Exelon could begin construction as soon as next week on an expansion of its 135-MW West Medway oil-fired peaking plant in West Medway, Massachusetts. The company’s plan to add two units and 200 MW of generation to the existing three-unit facility was deliberated for 29 months by state and local officials before a state board approved the expansion August 4.
The expansion includes the installation of two GE LMS100 dual-fuel turbines, operating primarily on natural gas but also using ultra-low-sulfur diesel as backup for a maximum 30 days a year. The company’s website says the new units could start up and be online in about 10 minutes. Exelon in its reports on the project says the gas-fired generation will reduce CO2 emissions by 40% when it displaces generation from the three older units.
The construction, which will include two 160-foot emission stacks, along with a 50-foot sound barrier to minimize noise, reportedly is expected to take 14 months to complete. Exelon did not immediately respond to a request for comment from POWER about the construction timeframe.
A payment in lieu of taxation (PILOT) agreement between the town of Medway and Exelon values the expansion at $210 million, and per the agreement Exelon will pay the town a total of $75 million over the next 20 years.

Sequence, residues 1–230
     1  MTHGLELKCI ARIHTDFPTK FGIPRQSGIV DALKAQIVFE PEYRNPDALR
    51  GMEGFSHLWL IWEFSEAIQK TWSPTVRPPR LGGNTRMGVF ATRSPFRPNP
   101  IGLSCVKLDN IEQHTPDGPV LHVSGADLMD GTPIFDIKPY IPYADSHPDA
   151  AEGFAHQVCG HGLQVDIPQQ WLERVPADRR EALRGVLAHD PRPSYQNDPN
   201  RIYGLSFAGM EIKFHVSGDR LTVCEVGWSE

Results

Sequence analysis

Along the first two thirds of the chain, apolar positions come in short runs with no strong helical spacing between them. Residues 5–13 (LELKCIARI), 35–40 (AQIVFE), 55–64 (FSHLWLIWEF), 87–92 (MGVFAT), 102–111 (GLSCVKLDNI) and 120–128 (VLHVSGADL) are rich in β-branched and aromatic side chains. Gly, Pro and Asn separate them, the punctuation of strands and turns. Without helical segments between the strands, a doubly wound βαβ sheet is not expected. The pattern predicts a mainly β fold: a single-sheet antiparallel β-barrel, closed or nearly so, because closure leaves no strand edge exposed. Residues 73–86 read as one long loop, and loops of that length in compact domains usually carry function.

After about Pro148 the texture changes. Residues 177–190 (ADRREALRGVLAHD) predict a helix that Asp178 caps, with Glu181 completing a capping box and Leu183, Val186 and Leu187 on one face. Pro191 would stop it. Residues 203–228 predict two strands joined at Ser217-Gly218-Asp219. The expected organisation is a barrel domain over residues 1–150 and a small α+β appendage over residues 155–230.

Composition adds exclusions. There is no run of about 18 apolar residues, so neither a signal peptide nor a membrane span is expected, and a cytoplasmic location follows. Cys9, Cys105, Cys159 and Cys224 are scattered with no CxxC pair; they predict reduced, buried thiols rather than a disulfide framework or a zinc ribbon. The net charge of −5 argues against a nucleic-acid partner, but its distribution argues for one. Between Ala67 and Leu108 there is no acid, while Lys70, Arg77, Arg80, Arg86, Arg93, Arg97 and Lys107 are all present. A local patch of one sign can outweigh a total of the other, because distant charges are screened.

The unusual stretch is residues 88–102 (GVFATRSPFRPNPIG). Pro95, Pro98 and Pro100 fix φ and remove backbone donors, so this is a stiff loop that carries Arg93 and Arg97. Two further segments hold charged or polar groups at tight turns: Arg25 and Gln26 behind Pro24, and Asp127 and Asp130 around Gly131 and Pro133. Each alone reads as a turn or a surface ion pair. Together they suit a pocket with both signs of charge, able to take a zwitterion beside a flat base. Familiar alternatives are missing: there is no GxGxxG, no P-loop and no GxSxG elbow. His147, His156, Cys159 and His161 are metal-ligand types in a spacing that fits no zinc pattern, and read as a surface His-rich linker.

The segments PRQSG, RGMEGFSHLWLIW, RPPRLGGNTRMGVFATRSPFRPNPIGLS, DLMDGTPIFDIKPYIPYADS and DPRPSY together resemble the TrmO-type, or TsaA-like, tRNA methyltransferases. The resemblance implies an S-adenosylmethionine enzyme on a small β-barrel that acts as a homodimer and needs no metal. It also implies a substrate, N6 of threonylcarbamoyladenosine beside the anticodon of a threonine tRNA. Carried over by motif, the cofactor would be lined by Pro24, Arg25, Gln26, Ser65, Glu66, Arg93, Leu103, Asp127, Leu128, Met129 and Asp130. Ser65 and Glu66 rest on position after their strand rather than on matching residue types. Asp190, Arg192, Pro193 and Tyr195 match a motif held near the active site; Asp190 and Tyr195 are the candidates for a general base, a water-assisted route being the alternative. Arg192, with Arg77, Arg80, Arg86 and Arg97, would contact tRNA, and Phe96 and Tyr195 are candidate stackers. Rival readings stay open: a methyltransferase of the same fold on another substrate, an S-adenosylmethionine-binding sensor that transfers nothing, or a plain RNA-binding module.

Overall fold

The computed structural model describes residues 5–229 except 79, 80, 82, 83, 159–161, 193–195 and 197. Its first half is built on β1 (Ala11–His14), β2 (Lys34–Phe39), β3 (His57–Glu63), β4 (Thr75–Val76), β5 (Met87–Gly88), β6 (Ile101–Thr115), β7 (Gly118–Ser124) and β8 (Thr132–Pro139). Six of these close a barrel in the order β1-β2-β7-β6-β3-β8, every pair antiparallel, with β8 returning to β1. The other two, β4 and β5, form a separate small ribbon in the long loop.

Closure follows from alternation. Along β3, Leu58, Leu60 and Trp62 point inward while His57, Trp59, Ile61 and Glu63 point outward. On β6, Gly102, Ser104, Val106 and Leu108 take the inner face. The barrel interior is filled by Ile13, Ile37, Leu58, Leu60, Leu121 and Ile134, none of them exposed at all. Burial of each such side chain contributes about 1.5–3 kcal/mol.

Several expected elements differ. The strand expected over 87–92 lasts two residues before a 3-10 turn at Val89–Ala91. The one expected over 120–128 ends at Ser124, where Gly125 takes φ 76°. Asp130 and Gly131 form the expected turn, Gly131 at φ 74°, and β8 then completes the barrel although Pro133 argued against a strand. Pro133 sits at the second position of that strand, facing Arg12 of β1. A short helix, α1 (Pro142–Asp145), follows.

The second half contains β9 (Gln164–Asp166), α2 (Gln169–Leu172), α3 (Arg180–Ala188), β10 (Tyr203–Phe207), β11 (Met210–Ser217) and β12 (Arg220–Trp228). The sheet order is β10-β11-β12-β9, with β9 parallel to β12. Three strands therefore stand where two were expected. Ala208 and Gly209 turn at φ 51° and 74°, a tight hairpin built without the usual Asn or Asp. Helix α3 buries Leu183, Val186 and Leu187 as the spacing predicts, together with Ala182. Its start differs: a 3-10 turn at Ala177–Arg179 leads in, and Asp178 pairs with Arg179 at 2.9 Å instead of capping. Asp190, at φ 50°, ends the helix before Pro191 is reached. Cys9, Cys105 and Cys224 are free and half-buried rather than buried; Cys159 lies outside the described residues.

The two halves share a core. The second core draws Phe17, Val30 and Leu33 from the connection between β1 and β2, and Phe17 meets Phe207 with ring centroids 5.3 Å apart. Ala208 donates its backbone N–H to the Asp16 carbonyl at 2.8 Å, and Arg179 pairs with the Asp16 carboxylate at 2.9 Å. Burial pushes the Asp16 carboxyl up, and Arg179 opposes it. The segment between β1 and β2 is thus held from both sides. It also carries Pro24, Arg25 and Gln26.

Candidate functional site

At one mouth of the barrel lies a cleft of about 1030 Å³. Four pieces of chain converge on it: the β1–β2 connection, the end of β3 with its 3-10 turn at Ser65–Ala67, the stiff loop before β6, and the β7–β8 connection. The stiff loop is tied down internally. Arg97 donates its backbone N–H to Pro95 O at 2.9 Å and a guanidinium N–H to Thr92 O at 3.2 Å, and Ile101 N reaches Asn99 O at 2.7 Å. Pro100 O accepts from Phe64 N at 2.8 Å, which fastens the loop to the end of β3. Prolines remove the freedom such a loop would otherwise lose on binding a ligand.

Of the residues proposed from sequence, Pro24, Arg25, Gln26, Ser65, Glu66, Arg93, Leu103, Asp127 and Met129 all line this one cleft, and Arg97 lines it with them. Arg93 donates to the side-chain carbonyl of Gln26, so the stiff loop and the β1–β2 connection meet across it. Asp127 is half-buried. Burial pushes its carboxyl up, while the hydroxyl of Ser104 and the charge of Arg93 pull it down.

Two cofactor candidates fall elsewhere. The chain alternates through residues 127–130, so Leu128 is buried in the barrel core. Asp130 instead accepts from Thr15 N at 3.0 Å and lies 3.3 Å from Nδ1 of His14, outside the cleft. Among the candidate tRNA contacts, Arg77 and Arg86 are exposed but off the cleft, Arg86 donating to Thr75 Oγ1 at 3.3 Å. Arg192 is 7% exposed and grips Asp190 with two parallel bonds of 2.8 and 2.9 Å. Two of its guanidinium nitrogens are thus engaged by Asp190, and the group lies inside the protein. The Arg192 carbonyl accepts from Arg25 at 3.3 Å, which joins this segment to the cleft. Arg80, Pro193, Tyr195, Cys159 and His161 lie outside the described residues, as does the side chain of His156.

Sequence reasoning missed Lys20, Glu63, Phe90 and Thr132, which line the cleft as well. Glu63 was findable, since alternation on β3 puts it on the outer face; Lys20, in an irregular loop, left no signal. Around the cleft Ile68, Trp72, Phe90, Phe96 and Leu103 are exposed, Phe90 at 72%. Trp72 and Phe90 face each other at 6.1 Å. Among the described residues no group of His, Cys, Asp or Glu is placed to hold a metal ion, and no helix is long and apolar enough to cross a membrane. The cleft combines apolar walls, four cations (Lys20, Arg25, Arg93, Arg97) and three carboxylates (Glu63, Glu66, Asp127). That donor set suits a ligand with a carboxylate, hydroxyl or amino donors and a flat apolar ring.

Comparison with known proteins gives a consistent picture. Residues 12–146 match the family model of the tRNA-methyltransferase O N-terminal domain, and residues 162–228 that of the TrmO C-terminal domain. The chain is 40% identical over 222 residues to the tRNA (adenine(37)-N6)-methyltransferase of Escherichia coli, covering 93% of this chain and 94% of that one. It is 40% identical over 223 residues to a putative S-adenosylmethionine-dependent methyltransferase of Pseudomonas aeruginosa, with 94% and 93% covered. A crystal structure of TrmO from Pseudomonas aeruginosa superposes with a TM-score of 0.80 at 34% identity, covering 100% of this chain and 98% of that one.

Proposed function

Reports said construction will get underway between August 15 and September 30. The state’s Energy Facilities Siting Board (EFSB) tentatively approved the project in December 2016, but the Conservation Law Foundation filed an appeal of that decision, prompting changes to the plan to appease local opposition.
Water from two onsite wells will be used to cool the turbines, and Exelon originally proposed also using water from the nearby town of Millis via an interconnection with Medway’s water system. The original approval said the plant could operate at 60% capacity, with average water demand of 95,000 gallons a day. The plan was then changed to reduce operating capacity to 43%, and water demand to 68,800 gallons per day.
Boston Edison originally operated the Medway plant, installing the three oil-fueled peaking units after a massive blackout affecting eight states and Ontario in Canada in November 1965 left more than 30 million people without power for as much as 13 hours. The Rolls Royce Avon engines at the plant were the first of 12 such engines installed in the world, according to Exelon, which bought the plant from Boston Edison in 2002.
-Darrell Proctor is a POWER associate editor. (@DarrellProctor1, @POWER magazine)